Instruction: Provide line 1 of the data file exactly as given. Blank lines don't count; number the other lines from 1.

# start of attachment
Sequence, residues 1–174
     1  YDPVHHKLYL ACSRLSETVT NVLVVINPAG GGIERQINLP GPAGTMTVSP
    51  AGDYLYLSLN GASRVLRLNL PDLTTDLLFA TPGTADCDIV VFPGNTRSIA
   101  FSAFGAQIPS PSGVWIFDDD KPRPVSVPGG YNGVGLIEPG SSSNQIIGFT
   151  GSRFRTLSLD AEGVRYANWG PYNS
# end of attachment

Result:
Sequence, residues 1–174